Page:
SP: For legacy sports like baseball and football, changes occur incrementally. In competitive gaming change can come much faster. As a commentator are you ever concerned about obsolescence?

AN: I like the change in some ways, and I like learning new things…but you’re right, it can present challenges.

One of the problems with Smash is that it lives in limbo on a dated system the Wii U which has been replaced by Nintendo Switch. New games developed for Switch will get prioritized over older games to help drive sales of the new system, so there’s this balancing act between the legitimate need of the company to keep innovating and what serves the gaming community. Smash isn’t going anywhere, but as a commentator you always have to be looking at what’s coming down the road.


SP: What’s the biggest hurdle esports will face over the next three years?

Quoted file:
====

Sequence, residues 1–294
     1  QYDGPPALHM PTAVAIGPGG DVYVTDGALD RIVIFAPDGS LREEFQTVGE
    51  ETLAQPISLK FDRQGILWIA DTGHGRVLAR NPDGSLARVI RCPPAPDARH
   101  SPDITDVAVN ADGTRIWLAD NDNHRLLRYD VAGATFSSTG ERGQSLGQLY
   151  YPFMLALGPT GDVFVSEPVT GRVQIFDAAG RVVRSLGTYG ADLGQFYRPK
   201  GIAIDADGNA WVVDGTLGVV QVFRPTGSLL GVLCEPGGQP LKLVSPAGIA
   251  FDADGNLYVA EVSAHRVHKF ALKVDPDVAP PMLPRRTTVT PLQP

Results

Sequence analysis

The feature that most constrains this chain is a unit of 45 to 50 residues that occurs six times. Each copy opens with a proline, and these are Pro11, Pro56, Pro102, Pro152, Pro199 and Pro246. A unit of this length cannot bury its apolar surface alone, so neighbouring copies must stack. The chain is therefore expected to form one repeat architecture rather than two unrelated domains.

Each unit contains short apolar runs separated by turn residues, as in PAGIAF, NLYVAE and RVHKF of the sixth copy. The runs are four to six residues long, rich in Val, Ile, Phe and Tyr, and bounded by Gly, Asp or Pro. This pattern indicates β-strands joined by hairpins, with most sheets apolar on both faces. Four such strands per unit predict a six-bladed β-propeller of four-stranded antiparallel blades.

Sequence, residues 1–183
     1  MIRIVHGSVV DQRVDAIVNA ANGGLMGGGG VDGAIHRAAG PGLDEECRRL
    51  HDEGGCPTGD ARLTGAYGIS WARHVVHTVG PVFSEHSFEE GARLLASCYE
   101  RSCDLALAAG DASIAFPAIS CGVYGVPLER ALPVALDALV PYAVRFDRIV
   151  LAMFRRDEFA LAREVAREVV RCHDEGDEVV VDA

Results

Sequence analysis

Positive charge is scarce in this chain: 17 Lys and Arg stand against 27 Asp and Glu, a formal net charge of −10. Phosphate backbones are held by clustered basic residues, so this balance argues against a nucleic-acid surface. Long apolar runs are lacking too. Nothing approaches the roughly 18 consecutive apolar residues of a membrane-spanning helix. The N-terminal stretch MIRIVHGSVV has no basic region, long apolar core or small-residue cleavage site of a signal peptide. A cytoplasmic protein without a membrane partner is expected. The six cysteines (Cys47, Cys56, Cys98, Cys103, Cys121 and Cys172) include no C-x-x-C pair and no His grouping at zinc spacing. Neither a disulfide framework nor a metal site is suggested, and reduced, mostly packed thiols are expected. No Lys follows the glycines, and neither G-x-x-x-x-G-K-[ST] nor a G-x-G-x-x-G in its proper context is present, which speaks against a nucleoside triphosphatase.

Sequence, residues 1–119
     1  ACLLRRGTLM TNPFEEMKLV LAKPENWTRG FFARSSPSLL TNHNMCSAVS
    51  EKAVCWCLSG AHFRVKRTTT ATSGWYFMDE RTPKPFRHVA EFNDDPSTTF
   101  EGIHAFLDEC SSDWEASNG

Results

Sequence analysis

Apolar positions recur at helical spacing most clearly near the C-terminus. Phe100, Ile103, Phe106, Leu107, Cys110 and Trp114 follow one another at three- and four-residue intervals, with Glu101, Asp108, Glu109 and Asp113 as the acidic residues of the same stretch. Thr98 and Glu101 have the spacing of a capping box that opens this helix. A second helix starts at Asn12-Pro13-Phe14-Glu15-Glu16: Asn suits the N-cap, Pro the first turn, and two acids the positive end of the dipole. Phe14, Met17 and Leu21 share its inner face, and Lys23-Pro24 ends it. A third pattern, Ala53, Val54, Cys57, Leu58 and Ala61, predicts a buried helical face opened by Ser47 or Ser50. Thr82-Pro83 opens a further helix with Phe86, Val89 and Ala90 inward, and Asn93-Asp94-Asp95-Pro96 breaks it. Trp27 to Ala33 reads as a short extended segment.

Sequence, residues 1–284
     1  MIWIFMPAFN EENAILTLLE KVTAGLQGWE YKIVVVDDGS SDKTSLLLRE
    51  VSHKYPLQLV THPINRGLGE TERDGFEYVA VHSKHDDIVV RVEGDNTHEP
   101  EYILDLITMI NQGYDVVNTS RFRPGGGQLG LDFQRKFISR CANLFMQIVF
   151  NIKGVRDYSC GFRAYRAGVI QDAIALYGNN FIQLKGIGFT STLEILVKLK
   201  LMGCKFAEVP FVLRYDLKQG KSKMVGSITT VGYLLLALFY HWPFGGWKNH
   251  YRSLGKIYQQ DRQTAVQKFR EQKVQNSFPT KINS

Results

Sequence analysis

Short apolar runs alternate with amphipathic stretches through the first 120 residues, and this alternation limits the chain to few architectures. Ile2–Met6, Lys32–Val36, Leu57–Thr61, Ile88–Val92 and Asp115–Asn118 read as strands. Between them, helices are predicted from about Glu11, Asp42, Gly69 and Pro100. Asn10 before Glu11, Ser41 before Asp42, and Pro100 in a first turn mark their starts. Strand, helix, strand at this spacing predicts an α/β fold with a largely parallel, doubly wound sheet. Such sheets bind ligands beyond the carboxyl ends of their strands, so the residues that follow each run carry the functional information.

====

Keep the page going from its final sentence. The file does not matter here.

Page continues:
AN: Spectators and players accepting change. Smash players are loyal, and they take their commitment to the sport seriously, and that commitment can occasionally turn into dogma. Any tweaks…to gameplay, to culture, to the way events are run…are prone to no small amount of backlash. I think that’s part of why Nintendo has approached jumping into the scene with caution, once they get involved it means it’s easier to receive blame.

With viewership growing exponentially each year, you’re only going to see greater opportunities for monetization, and that will be scary for groups that were used to the way things used to be. 




Top photo by Robert Paul